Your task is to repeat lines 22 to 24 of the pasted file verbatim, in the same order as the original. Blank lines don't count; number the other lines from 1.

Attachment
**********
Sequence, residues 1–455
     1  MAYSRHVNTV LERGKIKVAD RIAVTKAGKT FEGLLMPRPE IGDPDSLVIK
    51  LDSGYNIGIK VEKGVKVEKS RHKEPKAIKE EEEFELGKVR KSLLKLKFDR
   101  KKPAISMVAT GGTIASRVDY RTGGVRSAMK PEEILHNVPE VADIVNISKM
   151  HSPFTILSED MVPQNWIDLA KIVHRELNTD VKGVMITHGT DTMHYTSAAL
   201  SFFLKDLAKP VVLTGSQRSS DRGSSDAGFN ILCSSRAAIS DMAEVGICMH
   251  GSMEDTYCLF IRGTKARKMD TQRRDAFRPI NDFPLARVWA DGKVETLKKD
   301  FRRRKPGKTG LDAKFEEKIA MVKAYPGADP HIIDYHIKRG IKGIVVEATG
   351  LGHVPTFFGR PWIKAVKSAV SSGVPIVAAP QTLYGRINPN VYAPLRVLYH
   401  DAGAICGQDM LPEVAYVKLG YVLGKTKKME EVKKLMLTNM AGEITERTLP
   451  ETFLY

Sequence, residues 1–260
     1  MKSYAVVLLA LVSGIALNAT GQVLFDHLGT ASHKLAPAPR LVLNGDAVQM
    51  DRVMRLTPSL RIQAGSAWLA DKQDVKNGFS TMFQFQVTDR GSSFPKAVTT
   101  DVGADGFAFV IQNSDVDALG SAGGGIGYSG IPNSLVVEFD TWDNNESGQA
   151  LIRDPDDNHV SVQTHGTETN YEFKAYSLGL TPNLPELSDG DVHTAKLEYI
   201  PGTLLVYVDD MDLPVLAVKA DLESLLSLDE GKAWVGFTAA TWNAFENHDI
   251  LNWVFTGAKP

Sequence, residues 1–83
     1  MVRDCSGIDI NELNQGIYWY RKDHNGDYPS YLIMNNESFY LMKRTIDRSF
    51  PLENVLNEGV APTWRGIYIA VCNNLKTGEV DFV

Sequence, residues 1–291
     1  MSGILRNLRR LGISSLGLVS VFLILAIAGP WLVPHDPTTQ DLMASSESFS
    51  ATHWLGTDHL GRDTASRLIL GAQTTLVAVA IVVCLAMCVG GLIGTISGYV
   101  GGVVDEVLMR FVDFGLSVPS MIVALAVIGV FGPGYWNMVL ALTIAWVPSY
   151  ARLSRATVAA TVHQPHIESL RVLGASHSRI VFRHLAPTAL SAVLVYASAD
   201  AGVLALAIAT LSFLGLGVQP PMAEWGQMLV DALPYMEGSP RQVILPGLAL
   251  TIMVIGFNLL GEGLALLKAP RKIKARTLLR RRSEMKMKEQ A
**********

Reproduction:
Sequence, residues 1–291
     1  MSGILRNLRR LGISSLGLVS VFLILAIAGP WLVPHDPTTQ DLMASSESFS
    51  ATHWLGTDHL GRDTASRLIL GAQTTLVAVA IVVCLAMCVG GLIGTISGYV